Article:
By Anna Smith
As Praxis Science Outreach Society still celebrates their 30 year anniversary, they look forward to another year of inspiring a love of discovery in children.
Patty Rooks, a senior scientific consultant at Praxis, says that the celebrations this year have been wonderful in bringing new faces in to look at what resources the society has to offer for teachers.
“I’ve seen lots of new names of teachers that haven’t gotten things in the past, that would like to use them now. And that’s great,” said Rooks. “Getting the word out about practice is wonderful, through these large scale celebrations like this, to showcase what we do, and how we can help the community.”
Already, Praxis has been hard at work planning to fill the school year and beyond with events to help kids find their passion for science, and hopefully see themselves in STEM professionals in the community.
“The next big event we’re planning and it’s coming up here at the end of October, where you are really crossing our fingers hoping we can return to an in person Family Science Olympics,” said Rooks. “Now this has really been one of Praxis’ signature events, we’ve held it since our inception, it was kind of the one of the first things that did kick us off in science outreach here, and we’re looking to partner with students at Medicine Hat College again and have it at the college.”
The free event is a chance for families to come out and engage with hands-on science activities, said Rooks, as well as an opportunity for the college students.
“It’s a great opportunity for the education students at the college to showcase their hands-on science activities that they’ll be doing with their classes, once they go out into the classroom,” said Rooks. “So that’s what’s really exciting for me is that it’s not just an assignment to do something that’s not going to be beneficial to them. But these are things that are going to really help their career and they’re going to have in their back pockets, and for their students when they’re out teaching in the classroom. So that really just excites me about this project.”
The Olympics has been virtual the past few years, but Rooks is hopeful that this year will have a return to form and get families out to see the projects with their own eyes instead of through screens.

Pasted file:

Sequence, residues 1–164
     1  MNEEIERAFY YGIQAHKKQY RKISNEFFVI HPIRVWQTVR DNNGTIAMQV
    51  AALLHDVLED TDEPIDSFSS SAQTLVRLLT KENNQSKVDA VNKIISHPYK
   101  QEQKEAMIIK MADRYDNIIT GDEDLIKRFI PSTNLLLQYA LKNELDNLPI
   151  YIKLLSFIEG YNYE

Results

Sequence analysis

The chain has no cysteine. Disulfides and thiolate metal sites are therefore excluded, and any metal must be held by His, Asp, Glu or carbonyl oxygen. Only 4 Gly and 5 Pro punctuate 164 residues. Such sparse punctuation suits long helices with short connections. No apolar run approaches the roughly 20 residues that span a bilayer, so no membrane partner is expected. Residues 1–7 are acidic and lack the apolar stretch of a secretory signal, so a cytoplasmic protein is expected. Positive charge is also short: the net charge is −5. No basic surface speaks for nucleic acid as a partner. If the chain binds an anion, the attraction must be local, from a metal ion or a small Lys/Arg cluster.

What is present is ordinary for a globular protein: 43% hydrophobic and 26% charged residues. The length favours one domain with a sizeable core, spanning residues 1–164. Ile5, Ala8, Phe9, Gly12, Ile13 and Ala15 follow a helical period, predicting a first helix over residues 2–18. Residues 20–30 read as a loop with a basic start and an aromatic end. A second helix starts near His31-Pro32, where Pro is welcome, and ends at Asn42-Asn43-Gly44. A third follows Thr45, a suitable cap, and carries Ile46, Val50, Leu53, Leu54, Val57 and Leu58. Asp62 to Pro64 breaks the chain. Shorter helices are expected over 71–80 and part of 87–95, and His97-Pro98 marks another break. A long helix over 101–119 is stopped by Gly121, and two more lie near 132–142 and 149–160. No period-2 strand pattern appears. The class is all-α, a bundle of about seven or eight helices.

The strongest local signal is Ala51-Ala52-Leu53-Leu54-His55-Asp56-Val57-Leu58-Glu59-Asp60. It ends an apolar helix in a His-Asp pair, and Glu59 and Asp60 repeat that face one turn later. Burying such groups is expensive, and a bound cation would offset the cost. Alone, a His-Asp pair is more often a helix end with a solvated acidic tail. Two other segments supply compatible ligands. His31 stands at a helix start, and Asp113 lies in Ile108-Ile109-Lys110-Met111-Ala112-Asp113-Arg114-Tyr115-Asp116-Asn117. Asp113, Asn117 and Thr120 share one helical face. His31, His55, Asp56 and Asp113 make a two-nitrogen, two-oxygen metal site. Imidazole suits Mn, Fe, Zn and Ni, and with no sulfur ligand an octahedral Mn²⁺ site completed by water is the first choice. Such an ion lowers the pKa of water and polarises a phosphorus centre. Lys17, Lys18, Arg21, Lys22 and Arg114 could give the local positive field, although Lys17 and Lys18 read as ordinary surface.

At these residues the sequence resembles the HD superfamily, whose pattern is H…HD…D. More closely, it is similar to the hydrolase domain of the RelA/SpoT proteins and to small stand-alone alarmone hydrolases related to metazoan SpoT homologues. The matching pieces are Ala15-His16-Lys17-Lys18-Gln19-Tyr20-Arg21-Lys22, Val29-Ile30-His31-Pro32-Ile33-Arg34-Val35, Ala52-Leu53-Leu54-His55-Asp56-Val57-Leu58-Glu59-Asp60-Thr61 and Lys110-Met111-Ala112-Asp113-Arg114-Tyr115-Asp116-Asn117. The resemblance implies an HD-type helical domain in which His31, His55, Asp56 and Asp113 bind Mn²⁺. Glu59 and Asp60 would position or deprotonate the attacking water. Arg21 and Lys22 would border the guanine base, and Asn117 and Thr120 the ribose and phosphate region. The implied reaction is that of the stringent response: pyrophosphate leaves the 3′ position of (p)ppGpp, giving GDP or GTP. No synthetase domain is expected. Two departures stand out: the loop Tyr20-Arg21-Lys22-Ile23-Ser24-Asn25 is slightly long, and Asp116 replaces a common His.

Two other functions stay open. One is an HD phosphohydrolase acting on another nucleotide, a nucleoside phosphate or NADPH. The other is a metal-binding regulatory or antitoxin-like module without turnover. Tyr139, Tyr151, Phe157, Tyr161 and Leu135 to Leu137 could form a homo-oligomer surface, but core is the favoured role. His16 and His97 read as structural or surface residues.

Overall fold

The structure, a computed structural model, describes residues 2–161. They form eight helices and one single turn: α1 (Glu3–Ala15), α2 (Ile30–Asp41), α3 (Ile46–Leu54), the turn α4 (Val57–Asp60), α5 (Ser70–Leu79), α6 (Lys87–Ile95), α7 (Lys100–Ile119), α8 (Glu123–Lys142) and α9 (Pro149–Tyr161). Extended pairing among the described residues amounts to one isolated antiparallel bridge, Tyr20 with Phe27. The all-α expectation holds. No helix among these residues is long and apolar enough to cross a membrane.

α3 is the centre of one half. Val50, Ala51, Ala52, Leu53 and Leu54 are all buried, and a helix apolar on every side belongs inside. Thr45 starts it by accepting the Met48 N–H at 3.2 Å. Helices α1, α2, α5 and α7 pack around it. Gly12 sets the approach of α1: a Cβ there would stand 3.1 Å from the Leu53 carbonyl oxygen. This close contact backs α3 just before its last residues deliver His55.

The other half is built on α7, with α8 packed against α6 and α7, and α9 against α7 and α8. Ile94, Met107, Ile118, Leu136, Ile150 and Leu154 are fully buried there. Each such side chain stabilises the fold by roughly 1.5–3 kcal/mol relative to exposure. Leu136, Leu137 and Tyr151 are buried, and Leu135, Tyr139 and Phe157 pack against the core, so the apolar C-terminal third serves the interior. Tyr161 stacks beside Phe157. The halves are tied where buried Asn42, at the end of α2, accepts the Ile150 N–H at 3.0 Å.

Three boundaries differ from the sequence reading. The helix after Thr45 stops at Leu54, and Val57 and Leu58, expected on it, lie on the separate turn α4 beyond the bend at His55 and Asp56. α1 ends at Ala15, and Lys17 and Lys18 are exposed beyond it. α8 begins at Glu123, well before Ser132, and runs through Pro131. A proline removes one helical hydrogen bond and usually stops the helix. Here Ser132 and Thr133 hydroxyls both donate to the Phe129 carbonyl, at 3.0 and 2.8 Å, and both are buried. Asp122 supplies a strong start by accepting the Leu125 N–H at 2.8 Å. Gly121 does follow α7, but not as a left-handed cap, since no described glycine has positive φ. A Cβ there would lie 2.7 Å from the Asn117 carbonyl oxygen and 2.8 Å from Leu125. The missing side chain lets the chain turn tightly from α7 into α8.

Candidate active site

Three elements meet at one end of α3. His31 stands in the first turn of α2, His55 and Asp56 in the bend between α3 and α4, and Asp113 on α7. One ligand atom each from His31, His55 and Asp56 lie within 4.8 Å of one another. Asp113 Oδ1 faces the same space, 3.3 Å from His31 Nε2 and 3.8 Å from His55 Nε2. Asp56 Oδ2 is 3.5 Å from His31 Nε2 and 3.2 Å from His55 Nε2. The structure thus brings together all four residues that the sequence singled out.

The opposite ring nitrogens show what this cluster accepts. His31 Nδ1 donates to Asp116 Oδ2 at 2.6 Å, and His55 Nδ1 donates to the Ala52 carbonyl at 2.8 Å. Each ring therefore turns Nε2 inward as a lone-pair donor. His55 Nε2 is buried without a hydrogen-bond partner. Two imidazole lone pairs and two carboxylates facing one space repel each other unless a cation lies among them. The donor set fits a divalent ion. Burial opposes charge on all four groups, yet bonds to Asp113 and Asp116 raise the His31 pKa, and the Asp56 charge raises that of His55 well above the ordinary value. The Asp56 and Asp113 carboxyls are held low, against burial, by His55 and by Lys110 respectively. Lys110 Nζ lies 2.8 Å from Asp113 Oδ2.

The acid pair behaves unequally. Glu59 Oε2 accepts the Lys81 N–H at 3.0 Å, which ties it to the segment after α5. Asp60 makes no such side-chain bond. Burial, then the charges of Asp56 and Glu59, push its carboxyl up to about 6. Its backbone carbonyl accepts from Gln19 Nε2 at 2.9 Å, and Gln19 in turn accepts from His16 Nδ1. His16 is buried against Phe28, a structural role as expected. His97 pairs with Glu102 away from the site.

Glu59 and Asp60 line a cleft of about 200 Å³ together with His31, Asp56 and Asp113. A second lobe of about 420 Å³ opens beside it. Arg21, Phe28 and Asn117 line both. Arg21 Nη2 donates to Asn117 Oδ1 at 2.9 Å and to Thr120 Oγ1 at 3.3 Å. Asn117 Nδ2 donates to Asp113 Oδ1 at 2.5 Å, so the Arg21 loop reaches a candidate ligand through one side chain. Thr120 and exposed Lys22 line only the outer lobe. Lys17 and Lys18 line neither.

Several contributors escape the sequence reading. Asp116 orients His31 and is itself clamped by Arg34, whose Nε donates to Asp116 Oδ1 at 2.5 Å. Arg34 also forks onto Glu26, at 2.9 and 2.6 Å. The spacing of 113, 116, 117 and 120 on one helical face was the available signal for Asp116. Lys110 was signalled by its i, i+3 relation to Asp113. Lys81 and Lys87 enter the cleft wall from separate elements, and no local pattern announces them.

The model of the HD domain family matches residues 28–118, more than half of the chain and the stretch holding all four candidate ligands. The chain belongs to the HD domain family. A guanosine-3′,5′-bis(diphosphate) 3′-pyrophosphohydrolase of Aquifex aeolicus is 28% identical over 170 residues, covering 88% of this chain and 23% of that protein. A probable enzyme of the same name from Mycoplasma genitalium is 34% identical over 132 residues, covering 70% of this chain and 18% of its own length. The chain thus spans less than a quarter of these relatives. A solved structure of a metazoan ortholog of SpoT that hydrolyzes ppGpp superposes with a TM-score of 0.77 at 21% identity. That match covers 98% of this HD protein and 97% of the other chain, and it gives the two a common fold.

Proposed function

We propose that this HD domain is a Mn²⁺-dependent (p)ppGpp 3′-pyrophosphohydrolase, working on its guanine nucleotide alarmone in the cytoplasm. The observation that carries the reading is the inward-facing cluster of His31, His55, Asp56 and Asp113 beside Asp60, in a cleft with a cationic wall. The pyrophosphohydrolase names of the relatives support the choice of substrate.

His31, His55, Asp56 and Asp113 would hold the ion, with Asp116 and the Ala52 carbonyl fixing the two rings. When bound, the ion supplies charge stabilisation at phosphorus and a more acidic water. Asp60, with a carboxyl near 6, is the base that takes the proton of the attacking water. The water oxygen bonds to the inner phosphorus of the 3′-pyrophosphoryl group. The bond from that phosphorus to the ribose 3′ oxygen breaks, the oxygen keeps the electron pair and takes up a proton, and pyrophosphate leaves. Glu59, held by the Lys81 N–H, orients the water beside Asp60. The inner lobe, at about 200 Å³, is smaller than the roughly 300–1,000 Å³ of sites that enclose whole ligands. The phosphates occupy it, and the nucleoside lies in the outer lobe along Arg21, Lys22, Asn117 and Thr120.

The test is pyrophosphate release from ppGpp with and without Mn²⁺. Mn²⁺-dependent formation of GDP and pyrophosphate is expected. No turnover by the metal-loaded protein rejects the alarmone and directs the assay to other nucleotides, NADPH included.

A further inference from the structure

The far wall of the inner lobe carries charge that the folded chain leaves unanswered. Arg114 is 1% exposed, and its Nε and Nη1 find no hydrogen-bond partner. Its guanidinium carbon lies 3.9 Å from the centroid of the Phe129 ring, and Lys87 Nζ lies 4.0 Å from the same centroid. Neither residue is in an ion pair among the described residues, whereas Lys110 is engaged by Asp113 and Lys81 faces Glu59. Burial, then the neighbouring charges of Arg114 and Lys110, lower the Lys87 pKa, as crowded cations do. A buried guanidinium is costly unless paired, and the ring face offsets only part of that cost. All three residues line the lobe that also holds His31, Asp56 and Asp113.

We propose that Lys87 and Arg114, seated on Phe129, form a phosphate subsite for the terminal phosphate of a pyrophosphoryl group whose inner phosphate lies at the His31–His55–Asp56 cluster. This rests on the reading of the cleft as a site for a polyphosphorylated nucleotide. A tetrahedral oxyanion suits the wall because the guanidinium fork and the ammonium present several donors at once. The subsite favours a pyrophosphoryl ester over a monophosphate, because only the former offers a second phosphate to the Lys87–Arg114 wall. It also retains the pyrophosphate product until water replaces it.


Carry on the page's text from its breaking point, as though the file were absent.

“We don’t have a date yet, but we are looking to have our regional science fair in the spring, again,” said Rooks. “The Canada Wide Science Fair has already been set for May. So we really want to gear students up to get working on those projects and get them to all polish up for a regional fair.”
Rooks would like to remind teachers that Praxis is also happy to come out and assist in getting kids prepared for the regional fair, from as little as talking to them to sitting down and talking students through the process of coming up with ideas and making them a reality.
“We’re here to meet the needs of the students and the teachers, just so we can get those students that are interested in science and, and sometimes, you know, not everyone excels in the classroom and this is a way for some students to shine. It’s amazing the curiosity and the ingenuity we have in the students in our area,” said Rooks.
Another project that Praxis is moving forward with this year, and was fortunate to get some funding for, is their Project Minerva, which aims to help inspire girls into pursuing STEM fields.
“This is a program to keep girls interested in science. And to really showcase the amazing female STEM professionals we have in southeast Alberta,” said Rooks. “We’re hoping that businesses will open up and we can have probably the most popular part of the day where the girls go with mentors, female STEM professionals, out at their jobs, they shouldn’t just be engineers or nurses, doctors. You know, we have biologists that are doing research field studies out in the field. You know, it’s amazing who we have in our community and that untapped knowledge and wealth that we need to share with the girls.”
Part of Rooks’ passion for this project is to also help keep our communities viable, as it shows young women opportunities that exist right here in Southeastern Alberta.
“Let’s show the girls that live in our communities, what’s here if they want to work and have a career,” said Rooks. “They don’t necessarily have to move to Toronto or Vancouver to have a great paying stem profession. They’re here in southeast Alberta, we’re just not in our face.”
“ This year we’ve established our Legacy Fund this year, through our 30th year anniversary, and we’re getting a few donations that we took the Community Foundation of southeast Alberta, so just really making our presence known that we’re here and we want to be here for at least 30 more years, to help our community and, and the youth in it and showcase the talent we have,” said Rooks.
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